given it members, such as that name you wanted (Red Chevrolet), or
a release date, price, etc. etc.

In line 8, notice that your Car class can't be a super class of Object. In other words,
any Object is not necessarily a car. If you cast from a spawned object (new Object)
into a Car, you are guaranteed to get a null.

You could rewrite that constructor:

public TrafficQueue(int numberOfCars) {
carArray = new Car[numberOfCars];
} // Of course, initially declaring the array of cars now doesn't need the size,
// it could just be

private Car carArray[];
 
Junilu Lacar
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@Cooper: Welcome to the Ranch!

I'd like to point out a few misstatements in your reply:

Note that on line 2, if you want to create an array of
instances of cars, without them being null, the syntax would be:

private Car carArray[] = new Car[numberOfcarsInQueue];

An array initialized like that actually will have all of its elements set to null. Reference type fields are assigned a value of null by default. With an array field declared that way, it will be sized to numberOfcarsInQueue elements but each element will be assigned the default reference value of null. If you don't want the array elements to be null, you have to explicitly assign each element a non-null value.

In line 8, notice that your Car class can't be a super class of Object.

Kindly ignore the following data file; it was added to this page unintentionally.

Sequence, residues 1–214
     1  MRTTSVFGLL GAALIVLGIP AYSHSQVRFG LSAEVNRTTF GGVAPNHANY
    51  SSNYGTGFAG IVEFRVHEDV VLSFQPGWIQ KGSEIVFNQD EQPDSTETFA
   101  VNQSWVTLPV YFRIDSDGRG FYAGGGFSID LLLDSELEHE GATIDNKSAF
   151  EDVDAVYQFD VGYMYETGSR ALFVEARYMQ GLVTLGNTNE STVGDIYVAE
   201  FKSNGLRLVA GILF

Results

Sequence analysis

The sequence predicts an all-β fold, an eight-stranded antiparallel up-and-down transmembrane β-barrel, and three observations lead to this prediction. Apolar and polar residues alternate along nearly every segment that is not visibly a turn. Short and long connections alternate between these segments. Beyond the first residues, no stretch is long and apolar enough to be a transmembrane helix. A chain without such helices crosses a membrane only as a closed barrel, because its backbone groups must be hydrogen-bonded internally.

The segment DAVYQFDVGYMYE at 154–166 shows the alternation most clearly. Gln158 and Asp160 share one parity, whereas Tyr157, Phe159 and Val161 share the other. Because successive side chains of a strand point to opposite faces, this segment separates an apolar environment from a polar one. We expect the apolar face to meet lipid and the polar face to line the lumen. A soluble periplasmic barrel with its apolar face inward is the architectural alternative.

*Nothing* can be a super class of Object. All other objects are subclasses of java.lang.Object

In other words, any Object is not necessarily a car. If you cast from a spawned object (new Object)
into a Car, you are guaranteed to get a null.

If you take an object that's not actually a Car and try to cast it as a Car, this will *not* guarantee a null. What it will do is cause a ClassCastException at runtime.
 
Cooper Gates
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Hi Junilu!

private Car carArray[] = new Car[10];
// Sure, the "new" is not like using the constructor of Car, so it doesn't give it non-null values.
It does allocate memory for all 10 objects (cars), correct?

I have written a lot of Java, but haven't done class casting since UnrealScript.
Let's say Pawn extends actor, and you cast into Pawn from some actor that isn't a Pawn.
The cast returns None, but doesn't throw an error, so that's what I'm used to.
 
Junilu Lacar
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Cooper Gates wrote:
private Car carArray[] = new Car[10];
// Sure, the "new" is not like using the constructor of Car, so it doesn't give it non-null values.
It does allocate memory for all 10 objects (cars), correct?

Correct. This expression will be true:  (carArray.length == 10) && (carArray[0] == null)
and likewise if you use carArray[1] to carArray[9] instead.